Accepted Manuscript Feasibility and Outcome of Haploidentical Hematopoietic Stem Cell Transplantation with Post-Transplant High-Dose Cyclophosphamide for Children and Adolescents with Hematological Malignancies: an AIEOP-GITMO Retrospective Multicenter Study Massimo Berger, MD PhD, Edoardo Lanino, MD, Simone Cesaro, MD, Marco Zecca, MD, MD, Elena Vassallo, MD, Maura Faraci, MD, Massimiliano De Bortoli, MD, Veronica Barat, MD, Arcangelo Prete, MD, Franca Fagioli, MD PII:

S1083-8791(16)00096-3

DOI:

10.1016/j.bbmt.2016.02.002

Reference:

YBBMT 54194

To appear in:

Biology of Blood and Marrow Transplantation

Received Date: 8 October 2015 Accepted Date: 1 February 2016

Please cite this article as: Berger M, Lanino E, Cesaro S, Zecca M, Vassallo E, Faraci M, De Bortoli M, Barat V, Prete A, Fagioli F, Feasibility and Outcome of Haploidentical Hematopoietic Stem Cell Transplantation with Post-Transplant High-Dose Cyclophosphamide for Children and Adolescents with Hematological Malignancies: an AIEOP-GITMO Retrospective Multicenter Study, Biology of Blood and Marrow Transplantation (2016), doi: 10.1016/j.bbmt.2016.02.002. This is a PDF file of an unedited manuscript that has been accepted for publication. As a service to our customers we are providing this early version of the manuscript. The manuscript will undergo copyediting, typesetting, and review of the resulting proof before it is published in its final form. Please note that during the production process errors may be discovered which could affect the content, and all legal disclaimers that apply to the journal pertain.

ACCEPTED MANUSCRIPT Feasibility and Outcome of Haploidentical Hematopoietic Stem Cell Transplantation with PostTransplant High-Dose Cyclophosphamide for Children and Adolescents with Hematological Malignancies: an AIEOP-GITMO Retrospective Multicenter Study Massimo Berger MD PhD 1, Edoardo Lanino MD 2, Simone Cesaro MD 3, Marco Zecca MD 4 MD, Elena Vassallo MD 1, Maura Faraci MD 2, Massimiliano De Bortoli MD 3, Veronica Barat MD 1, Arcangelo Prete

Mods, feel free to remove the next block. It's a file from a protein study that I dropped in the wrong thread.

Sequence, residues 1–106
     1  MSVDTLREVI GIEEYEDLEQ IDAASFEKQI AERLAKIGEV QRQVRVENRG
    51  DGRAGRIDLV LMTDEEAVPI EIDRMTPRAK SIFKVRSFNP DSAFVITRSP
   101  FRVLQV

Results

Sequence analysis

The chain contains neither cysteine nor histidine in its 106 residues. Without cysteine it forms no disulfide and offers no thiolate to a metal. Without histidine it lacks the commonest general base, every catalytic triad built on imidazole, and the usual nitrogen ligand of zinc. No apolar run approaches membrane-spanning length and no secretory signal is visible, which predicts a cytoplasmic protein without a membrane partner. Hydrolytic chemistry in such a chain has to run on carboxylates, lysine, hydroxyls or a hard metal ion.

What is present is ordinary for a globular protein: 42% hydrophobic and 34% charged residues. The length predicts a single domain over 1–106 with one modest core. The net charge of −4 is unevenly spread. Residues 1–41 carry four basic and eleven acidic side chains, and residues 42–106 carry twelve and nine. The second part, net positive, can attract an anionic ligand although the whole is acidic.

1

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MD 5 and Franca Fagioli MD 1 Pediatric Onco-Hematology and Stem Cell Transplant Division, City of Health and Science, Regina

Margherita Children's Hospital, Turin, Italy

Department of Pediatric Hematology-Oncology, IRCCS G. Gaslini, Genoa, Italy

3

Pediatric Hematology-Oncology, Azienda Ospedaliera Universitaria Integrata, Verona, Italy

4

Pediatric Hematology-Oncology, IRCCS Policlinico San Matteo Foundation, Pavia, Italy

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2

Pediatric Oncology and Hematology Unit "Lalla Seràgnoli", Department of Pediatrics, University of

Bologna Sant'Orsola-Malpighi Hospital, 40138 Bologna, Italy

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Correspondence to Massimo Berger, MD PhD

Pediatric Onco-Hematology and Stem Cell Transplant Division, City of Health and Science, Regina Margherita Children's Hospital, Turin, Italy

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Tel +390113135449, Fax +300113135487, Email; [email protected]

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Abstract word count: 251 Text word count: 3576 Tables: 3, Figures: 3 Running

title:

Post-transplant

cyclophosphamide

for